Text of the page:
A spinoff of its parent magazine, Classic Rock Presents Prog takes a look at progressive music and the artists who weave them together. Each issue takes a soul-searching foray into the hearts and minds of the heroes of rock, reviewing both new and old releases. Building upon the history of some of the most genre-defining pieces ever devised and those who followed who continue to refine, revolutionise and completely discard the formulas of those who came before. Reflecting on the proud genesis of this unexpected genre, Classic Rock Presents Prog is an able tutor for those in the dark about the evolution of progressive music, and a tonic for existing fans.
A superbly atmospheric John Barry score effectively conveyed the mood of swinging London for this 1965 film by Richard Lester. Usually playing around with variations of the haunting main theme, Barry used vivacious horns, melancholic strings, and above all a groovy jazz organ (played by Alan Haven). A couple of the tracks don't work well in isolation: the vaudevillian "Something's Up!," and the vocal version of the main theme (not used in the film) by mediocre singer Johnny De Little. But overall, it's got a consistently captivating groove, rating as one of Barry's best scores.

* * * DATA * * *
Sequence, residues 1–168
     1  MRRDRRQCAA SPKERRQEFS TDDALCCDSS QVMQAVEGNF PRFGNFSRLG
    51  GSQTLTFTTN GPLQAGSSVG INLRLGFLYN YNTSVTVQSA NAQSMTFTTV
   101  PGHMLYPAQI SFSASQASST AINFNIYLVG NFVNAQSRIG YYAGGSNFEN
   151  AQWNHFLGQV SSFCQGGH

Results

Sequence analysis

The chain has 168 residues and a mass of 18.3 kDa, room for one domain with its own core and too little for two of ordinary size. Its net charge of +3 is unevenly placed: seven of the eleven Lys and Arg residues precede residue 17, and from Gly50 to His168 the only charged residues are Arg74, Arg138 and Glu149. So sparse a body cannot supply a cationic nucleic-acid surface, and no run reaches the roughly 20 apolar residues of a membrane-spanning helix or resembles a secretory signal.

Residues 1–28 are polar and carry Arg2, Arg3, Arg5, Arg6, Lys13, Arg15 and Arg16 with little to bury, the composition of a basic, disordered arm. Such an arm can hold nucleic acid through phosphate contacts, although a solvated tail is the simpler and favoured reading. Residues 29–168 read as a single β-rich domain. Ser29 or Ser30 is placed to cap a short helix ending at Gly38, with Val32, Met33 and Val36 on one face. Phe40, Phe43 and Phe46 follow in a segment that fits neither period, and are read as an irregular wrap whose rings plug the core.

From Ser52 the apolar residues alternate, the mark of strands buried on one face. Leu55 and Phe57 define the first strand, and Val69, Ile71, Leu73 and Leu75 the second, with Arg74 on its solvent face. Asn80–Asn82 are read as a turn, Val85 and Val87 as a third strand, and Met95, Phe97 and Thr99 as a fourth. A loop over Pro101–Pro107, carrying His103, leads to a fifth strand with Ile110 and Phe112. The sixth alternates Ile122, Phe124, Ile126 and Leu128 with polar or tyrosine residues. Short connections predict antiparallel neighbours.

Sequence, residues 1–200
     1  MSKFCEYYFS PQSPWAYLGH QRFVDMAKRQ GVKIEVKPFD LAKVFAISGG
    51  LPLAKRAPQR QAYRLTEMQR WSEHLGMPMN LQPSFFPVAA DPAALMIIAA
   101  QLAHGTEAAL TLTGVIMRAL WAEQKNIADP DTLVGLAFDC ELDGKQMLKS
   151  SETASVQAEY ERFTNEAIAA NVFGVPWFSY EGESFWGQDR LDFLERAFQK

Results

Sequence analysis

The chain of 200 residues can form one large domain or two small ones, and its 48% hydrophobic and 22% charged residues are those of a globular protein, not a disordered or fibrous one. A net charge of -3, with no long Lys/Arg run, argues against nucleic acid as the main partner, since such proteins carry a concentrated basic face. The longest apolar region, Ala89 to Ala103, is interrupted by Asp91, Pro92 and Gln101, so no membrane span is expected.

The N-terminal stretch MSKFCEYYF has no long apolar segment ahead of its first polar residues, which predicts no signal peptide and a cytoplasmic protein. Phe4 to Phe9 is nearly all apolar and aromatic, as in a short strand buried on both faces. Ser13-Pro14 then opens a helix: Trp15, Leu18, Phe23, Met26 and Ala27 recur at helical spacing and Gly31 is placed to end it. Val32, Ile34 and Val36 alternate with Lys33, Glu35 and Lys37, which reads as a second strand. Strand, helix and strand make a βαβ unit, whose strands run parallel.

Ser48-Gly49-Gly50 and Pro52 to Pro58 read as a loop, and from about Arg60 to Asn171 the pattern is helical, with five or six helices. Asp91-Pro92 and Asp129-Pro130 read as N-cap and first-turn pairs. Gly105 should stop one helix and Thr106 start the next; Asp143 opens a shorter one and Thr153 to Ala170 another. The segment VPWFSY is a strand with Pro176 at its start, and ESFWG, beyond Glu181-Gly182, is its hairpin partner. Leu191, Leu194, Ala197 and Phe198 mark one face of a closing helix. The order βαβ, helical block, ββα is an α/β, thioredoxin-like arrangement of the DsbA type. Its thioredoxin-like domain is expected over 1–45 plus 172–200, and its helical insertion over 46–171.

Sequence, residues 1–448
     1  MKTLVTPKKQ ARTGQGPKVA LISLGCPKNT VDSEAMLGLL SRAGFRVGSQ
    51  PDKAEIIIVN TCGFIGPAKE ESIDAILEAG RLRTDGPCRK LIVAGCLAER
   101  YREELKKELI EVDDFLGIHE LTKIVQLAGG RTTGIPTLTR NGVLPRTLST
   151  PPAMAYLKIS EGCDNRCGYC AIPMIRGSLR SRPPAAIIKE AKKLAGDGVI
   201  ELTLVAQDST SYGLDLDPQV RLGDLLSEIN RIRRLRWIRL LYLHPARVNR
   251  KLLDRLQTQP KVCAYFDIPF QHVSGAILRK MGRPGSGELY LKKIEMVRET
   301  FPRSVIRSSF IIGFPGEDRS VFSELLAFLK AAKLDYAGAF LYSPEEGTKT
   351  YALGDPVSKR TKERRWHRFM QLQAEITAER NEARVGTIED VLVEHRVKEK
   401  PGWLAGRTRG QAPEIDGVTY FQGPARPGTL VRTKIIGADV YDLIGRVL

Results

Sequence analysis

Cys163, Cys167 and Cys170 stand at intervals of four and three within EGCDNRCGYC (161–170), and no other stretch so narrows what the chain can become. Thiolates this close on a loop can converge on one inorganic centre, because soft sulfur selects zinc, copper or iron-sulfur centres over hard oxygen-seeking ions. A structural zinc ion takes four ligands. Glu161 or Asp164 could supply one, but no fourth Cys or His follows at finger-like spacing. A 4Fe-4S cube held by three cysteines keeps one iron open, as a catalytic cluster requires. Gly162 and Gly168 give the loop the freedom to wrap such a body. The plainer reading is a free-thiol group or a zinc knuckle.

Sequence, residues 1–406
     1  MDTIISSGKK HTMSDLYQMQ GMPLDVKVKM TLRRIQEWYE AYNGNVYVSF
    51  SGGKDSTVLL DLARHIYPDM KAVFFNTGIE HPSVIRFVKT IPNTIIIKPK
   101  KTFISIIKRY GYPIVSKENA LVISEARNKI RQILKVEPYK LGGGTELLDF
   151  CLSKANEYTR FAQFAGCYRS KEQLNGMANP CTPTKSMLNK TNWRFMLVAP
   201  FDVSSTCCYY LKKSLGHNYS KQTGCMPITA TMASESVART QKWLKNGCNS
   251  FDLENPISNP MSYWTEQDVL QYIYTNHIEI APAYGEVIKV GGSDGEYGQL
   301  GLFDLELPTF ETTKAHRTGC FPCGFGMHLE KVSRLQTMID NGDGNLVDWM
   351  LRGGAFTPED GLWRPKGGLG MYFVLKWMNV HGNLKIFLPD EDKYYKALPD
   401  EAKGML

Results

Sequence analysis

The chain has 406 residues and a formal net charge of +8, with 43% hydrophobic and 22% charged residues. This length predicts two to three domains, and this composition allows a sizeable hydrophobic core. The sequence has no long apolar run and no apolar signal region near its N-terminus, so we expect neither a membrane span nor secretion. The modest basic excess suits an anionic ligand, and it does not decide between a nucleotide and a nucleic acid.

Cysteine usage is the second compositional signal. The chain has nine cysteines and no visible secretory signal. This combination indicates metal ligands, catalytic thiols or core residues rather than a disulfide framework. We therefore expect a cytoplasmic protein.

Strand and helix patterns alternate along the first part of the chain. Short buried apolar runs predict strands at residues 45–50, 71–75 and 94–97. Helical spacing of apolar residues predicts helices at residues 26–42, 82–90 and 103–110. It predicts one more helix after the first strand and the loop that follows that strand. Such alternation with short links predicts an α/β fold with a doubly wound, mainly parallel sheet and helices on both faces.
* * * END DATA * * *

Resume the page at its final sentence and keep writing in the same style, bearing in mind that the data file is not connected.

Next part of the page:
Composer, scholar, computer wizard and trombonist extraordinaire George Lewis is one of the world’s most distinguished musicians, and Les Exercices Spirituels is one of his greatest and most ambitious CDs to date. Featuring three new chamber compositions (two from 2010) performed by three brilliant New Music ensembles the music blends composition, improvisation and electronic processing into a dynamic and compelling new aggregate.
From the outset of his recording career, Maurizio Pollini has championed modern music – in benchmark accounts of Bartók, Boulez, Manzoni, Nono, Prokofiev, Schoenberg, Stravinsky and Webern, to which can be added his later recordings of Debussy and Berg. Here are his complete recordings of 20th-century music, brought together on a specially-priced 6-CD set for the first time.
Konstantin Lifschitz has long since established himself as an outstanding exponent of the works of Johann Sebastian Bach. He has already recorded the `Musical Offering´ and the `Art of Fugue´ for ORFEO and now turns his attention to the composer´s seven keyboard concertos. He is partnered by the Stuttgart Chamber Orchestra, an ensemble that enjoys an equally distinguished reputation for its Bach interpretations. With only three of these seven concertos has it been possible to identify specific originals with different solo instruments, while the other four have been ascribed to various other instruments by experts in the field; attributions that none the less continue to be hotly debated.